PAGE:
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Rethinking the Presentation of Data in the CDC HIV/STD Atlas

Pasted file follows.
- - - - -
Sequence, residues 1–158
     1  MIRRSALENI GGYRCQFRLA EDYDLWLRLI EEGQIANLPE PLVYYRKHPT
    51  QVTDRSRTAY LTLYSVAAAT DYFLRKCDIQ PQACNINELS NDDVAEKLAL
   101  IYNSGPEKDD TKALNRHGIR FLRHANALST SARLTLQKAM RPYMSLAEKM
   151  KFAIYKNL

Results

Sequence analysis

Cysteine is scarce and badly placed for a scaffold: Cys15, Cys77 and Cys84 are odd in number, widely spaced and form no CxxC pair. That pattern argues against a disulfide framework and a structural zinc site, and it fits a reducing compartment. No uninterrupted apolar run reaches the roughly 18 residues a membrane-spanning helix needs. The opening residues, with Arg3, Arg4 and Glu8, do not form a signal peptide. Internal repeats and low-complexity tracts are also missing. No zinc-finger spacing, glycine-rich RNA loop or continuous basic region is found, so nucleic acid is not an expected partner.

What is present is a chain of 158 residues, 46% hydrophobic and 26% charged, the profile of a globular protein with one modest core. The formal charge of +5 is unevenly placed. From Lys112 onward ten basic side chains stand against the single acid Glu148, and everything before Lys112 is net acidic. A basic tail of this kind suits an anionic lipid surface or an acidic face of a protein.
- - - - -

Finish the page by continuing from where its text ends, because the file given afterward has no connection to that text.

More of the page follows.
We attempt to demonstrate the necessity for communicating HIV/STD prevalence estimates to the public with high spatial and demographic resolution, using a proposed revision the CDC-NCHHSTP HIV/STD Atlas. The Atlas as it currently stands presents either raw count data on HIV/STD prevalence at the county-level|with no covariate information, such as race/ethnicity, sexual orientation, or income| or state-level data which includes some information on covariates. We show that county-level data is insuciently resolved (especially without covariate data) to provide local-level users with the information they need to make informed health choices. To rectify this shortcoming, we present a fully formed, multi-level, Bayesian statistical model with which the CDC data can be analyzed, and from which local- level HIV/STD prevalence predictions conditional on covariate information can be simulated. We argue that model predictions could be displayed on the Atlas in place of the raw data. Since the multi-level model balances and integrates information at the local and global levels, release of the local-level model predictions maintains the anonymity of local-level residents, even if the population size of a county is small and model predictions include covariate data. It does so while providing more meaningfully accurate predictions of HIV/STD prevalence in sub-communities, while simultaneously characterizing uncertainty in prevalence rates conditional on spatial and demographic data.

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